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Movies and games are not the same

I had an interesting chat conversation with a friend who is a professor of film at well known university. He has been involved in many capacities on a number of films, including his own. He was moaning about how he really wanted a more "cinematic" experience in his games. He went on to say how he though every game designer should be required to take a film class to learn how to put such an experience together.

I countered with I also thought that film makers should be required to take an interactive/game design class so they could learn what it takes to put a truly interactive experience together. "Why?" he retorted. "I don't want to make games." "And I don't want to make movies," I said. He went on to tell me that movies had nothing to learn from games, as games are where movies were 70 years ago. Therefore we game developers should learn from them.

I strongly disagree.

Movies are not games. Games are not movies. There are similarities, yes. But they are not the same. There are a couple of reasons why the comparison just does not work.

1. Non-linear-ity
I believe one of the biggest differences between film and games is non-linear-ity (is that even a word?? :) ) When I said this, my friend insisted that there were non-linear movies. IF there are, I haven't seen them. I have seen non linear story lines, but never a non linear movie. Moves, by their very medium, require the viewers watch it from beginning to end.

As game developers we have to develop entertainment that holds together no matter how or in what order the player chooses to view it. In fact, if there ever is a "choke point" in a game.. that is a point where if the player doesn't "do" what the designer decreed s/he must do at that point, we consider that to be bad design. Until films are such that any viewer can, at any time, stop the film, skip ahead 20 min, then back to 3 min past the credits and then to the middle , then replay the beginning and then skip straight to the end, THEN movies will be non-linear!

My friend keeps talking about how game producers don't understand camera movement and editing and shot composition. What I failed to get through to him is, we should NOT have control over those things. We cannot lead our players by the nose, tell them where to stand, how to place their camera and force them into fixed point cinematics during game play. The more we take control away from the player the less they like it.

Probably the game that has done the best with "cinematics" at this point is World of Warcraft. There are numerous "scenes" the players can become involved with and observe. HOwever, the biggest complaint about them is they play over and over again... like a movie!.. and therefore don't seem 'real".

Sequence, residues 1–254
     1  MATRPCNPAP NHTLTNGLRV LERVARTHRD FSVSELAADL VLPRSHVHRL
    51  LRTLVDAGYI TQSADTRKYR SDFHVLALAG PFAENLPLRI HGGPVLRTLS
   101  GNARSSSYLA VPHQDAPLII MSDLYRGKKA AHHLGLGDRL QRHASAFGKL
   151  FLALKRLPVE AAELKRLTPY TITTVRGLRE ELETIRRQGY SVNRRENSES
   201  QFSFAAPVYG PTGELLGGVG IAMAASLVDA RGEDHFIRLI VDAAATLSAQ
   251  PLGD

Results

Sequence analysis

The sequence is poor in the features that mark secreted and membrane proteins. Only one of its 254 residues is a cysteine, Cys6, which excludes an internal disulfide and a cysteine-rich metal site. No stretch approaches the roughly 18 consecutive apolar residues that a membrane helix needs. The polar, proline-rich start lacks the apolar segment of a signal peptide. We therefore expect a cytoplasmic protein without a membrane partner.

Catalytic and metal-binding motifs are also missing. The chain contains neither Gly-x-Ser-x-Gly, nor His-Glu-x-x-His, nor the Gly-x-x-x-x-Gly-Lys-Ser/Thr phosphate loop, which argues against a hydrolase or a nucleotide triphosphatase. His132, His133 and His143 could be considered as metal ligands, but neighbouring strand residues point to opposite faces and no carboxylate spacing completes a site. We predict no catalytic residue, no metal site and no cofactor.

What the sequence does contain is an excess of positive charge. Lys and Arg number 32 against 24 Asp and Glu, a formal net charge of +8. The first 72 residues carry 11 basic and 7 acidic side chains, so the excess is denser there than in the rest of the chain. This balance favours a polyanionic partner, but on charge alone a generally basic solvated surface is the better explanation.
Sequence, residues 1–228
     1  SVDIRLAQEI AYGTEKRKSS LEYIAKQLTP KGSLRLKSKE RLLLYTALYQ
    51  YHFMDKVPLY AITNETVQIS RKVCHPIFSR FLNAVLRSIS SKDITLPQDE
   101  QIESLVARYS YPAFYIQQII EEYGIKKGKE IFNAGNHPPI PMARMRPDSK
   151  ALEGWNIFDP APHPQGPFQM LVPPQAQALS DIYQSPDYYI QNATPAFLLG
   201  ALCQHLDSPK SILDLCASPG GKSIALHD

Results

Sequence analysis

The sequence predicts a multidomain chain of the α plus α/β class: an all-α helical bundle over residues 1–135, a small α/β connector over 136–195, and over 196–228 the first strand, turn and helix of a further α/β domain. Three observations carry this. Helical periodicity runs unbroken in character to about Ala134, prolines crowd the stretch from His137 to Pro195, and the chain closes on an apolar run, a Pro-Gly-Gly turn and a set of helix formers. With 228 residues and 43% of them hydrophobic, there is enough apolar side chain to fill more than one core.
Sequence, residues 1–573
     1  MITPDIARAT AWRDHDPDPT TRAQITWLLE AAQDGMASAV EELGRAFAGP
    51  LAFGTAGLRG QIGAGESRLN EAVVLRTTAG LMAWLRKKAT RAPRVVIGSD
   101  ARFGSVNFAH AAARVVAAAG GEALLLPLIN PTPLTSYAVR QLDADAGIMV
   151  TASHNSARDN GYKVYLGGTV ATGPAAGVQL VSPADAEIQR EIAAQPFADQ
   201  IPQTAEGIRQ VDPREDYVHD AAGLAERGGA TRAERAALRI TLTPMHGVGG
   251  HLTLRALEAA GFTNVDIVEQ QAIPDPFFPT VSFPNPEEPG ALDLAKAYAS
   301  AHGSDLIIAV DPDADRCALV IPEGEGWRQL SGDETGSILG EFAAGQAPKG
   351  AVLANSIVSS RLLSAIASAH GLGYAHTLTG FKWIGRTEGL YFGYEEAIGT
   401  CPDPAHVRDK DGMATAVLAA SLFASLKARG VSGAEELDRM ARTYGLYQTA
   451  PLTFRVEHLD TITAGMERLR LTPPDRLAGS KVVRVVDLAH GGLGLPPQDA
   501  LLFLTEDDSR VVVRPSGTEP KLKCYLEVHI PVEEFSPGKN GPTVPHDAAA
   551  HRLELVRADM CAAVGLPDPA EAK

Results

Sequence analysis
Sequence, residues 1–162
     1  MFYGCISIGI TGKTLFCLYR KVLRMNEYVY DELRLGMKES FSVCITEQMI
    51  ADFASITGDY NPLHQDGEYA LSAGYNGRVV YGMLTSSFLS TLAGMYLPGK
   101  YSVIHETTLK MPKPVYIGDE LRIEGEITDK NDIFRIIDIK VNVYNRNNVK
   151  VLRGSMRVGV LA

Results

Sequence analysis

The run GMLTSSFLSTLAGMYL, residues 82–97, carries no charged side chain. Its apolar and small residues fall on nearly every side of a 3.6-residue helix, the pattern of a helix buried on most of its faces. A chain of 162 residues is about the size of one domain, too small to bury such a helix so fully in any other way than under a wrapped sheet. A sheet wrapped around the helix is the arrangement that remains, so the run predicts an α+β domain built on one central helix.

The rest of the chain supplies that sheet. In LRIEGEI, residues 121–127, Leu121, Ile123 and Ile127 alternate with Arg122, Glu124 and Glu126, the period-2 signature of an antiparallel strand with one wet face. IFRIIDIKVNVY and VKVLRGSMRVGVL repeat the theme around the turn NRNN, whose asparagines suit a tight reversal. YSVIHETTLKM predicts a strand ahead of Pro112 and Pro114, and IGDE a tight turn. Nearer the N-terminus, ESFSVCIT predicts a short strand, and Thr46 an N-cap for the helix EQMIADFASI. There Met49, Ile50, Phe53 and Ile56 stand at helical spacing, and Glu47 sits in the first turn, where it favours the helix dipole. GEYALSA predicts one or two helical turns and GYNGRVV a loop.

2. Technology
Until very recently, game developers had to write a new engine for every game they developed. While that's less so today, most engines still require extensive modifications and customizations to fit the requirements of the specific game they are developing. Also, the fact that off-the-shelf engines exist indicates that, by their very nature, they are out of date. Technology still continues to move so fast that the "latest greatest" games are produced using technology that is still "bleeding" as it is put into the box.

If films were made the same way, the film producers would have to invent a new camera and film technology every time they made a film. Today film technology is far more accessible and far more reasonably priced than game technology. LIkewise, if films were made like games today, the producers would have to pay a royalty to the company that made the camera.. and the film.. and the lights.. and the editing booth...

3. Length of production cycle
Production cycle on a movie is about 3-6 months. That does not include post production which may take up to as much as another 6 months. THat means form the time the movie production is begun to the time a producer is selling it is 6 months to a year.

In the game industry just the PRODUCTION is approximately 18 months - 2 years; much longer if you are building an MMO. And during that time you have to keep the full team on. Unlike a move where when the shooting is complete, you send the crew home, the game team only gets larger as production continues. By the time you are in "beta" you may have as many as 100 people on a game team. And most have been there from the beginning. This makes for a very different production experience.

Both film and games are very successful, exciting entertainment industries. They are just not the same. I suggest that we attempt to learn from each other with the understanding that we are both uniquely good entertainment mediums with things to share with each other. And, I promise not to tell film producers how to make movies if they promise not to tell me how to make games!

Comments

( 7 comments — Leave a comment )
th15
Mar. 5th, 2009 05:07 am (UTC)
Not-non-linear-ity
I don't think that linearity is an accurate label. Maybe that's what threw your friend off. By non-linear movies I suspect your friend might have meant movies where the scenes are shown out of chronological order without explicitly stating so, such as Memento or Pulp Fiction. You could arguably watch these movies back to front, scene by scene.